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Climate change: When scientists first raised alarm about its impact


The scientific community began to unite for action on climate change in the 1980s though the scientists first raised concerns about the issue by late 1950s.

Climate change: When scientists first raised alarm about its impact
The concerns over climate change may have become bigger in recent years but the signs of brewing trouble were first given by the scientific community towards the end of 1950s. Back then it was previewed as a distant possibility in the 21st century that the world should be prepared for, Live Science reported quoting Spencer Weart, a historian and retired director of the Center for History of Physics at the American Institute of Physics in Maryland.
The concerns only caught serious thereafter attaining larger scientific attention in the 1980s, the report added.
However, the history of people's concern over climate change may not date back to the last century only.  The report claims that people's interest in understanding how human activities affect climate change actually dates back to thousands of years.
The report cites references from Weart's book, 'The Discovery of Global Warming' to claim that the concerns over climate change existed in ancient Greece. From 1200 BC to AD 323, people in the region debated if draining swamps or cutting down forests would bring more or less rainfall to the region. This was the first documented discussion around climate change and focused only on the local region, the report added.
Weart claims that Swedish scientist Svante Arrhenius became the first person to imagine the impact of climate change globally on the existence of humanity back in 1896. This was when he published his calculation showing that emission of more carbon dioxide would harm the planet in The London, Edinburgh and Dublin Philosophical Magazine and Journal of Science.
Svante Arrhenius's work was then used as a base for 19-century scientist Joseph Fourier who showed that the Earth would be a far cooler place without an atmosphere. Other scientists of the era, John Tyndall and Eunice Newton Foote used Arrhenius's work to separately demonstrate carbon dioxide and water vapour trapped heat and suggested that an atmosphere could do the same, according to the Live Science report.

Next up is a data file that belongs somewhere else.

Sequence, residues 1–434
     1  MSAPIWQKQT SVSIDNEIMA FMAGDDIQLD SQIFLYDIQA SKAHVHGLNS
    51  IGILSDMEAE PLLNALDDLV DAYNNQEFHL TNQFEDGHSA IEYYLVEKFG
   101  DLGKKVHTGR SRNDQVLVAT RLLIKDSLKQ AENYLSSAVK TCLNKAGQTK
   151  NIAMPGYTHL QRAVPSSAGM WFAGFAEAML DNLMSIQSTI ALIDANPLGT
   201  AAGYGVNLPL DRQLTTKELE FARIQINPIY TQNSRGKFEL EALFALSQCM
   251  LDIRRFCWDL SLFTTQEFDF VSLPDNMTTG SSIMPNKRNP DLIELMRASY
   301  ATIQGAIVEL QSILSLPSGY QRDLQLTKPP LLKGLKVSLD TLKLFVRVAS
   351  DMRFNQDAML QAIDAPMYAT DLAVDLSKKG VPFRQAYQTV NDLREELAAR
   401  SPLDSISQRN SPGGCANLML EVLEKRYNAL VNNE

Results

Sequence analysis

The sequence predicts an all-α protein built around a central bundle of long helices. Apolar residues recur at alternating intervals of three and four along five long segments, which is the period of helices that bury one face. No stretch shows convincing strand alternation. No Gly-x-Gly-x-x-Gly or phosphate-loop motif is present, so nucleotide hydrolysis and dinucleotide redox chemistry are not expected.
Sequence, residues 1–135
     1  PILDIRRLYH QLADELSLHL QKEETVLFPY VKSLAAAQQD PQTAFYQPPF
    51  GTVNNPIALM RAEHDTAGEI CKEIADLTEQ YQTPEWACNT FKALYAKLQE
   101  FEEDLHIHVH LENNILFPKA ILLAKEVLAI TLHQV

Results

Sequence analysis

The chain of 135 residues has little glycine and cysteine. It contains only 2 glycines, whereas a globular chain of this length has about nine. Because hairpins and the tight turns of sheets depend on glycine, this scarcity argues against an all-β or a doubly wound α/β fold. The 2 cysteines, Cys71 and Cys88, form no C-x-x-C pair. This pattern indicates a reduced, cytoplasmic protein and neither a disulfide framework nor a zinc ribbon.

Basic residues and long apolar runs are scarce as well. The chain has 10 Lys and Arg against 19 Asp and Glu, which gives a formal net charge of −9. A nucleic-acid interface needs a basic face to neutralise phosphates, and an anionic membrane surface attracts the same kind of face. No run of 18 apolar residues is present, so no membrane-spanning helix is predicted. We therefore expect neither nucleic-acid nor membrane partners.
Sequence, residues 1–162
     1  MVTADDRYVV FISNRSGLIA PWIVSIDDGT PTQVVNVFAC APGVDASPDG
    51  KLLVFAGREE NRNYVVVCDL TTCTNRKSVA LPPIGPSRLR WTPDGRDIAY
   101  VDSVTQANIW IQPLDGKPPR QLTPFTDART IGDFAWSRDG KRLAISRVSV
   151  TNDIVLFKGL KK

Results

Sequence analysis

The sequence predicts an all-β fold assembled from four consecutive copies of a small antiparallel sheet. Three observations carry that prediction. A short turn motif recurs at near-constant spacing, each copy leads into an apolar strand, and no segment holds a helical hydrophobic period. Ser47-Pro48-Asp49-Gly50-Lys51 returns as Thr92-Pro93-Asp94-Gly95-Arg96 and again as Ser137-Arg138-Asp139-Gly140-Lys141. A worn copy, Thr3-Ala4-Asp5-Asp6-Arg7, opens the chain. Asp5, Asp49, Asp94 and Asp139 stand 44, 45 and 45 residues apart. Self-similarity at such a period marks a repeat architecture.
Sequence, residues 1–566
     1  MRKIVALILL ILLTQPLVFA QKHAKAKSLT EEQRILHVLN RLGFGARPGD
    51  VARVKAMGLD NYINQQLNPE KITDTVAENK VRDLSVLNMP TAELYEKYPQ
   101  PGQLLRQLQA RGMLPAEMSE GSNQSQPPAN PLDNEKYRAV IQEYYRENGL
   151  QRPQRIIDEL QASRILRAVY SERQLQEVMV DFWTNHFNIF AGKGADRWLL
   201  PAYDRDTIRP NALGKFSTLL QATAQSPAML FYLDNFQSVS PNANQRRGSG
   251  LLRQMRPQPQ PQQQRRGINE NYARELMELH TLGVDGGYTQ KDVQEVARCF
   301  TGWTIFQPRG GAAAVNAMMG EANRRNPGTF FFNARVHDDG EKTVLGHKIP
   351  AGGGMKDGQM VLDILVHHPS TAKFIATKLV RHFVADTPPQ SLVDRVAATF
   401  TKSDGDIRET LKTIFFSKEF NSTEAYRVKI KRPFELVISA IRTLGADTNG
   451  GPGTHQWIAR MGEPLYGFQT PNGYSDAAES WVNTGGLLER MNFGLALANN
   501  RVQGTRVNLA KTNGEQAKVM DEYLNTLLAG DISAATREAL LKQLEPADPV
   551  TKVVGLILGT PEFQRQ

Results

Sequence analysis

Though Arrhenius precision proved to be largely accurate it was not widely accepted back then.
The scientific opinion around climate change concerns began to take shape in the 1950s due to two key experiments. The first of which led by Roger Revella in 1957 showed that the ocean will not absorb all of the carbon dioxide released in humanity's industrial fuel emissions and that carbon dioxide levels in the atmosphere were eventually going to rise significantly.
Another study published by Charles Keeling in 1960 detected the rise in CO2 levels in Earth's atmosphere.  The first alarm around the impact of human activities was raised and it was followed by more studies tracing climate change and its impact on the existence of humanity.
Towards the end of the 1980s, the scientific community finally acknowledged it as a problem that needed immediate attention.  The Toronto Conference of the Changing Atmosphere was the first time that scientists and politicians came together to address climate change as a global threat to Earth's atmosphere.
The concerns and efforts to minimise the effects of climate change have only escalated after that.
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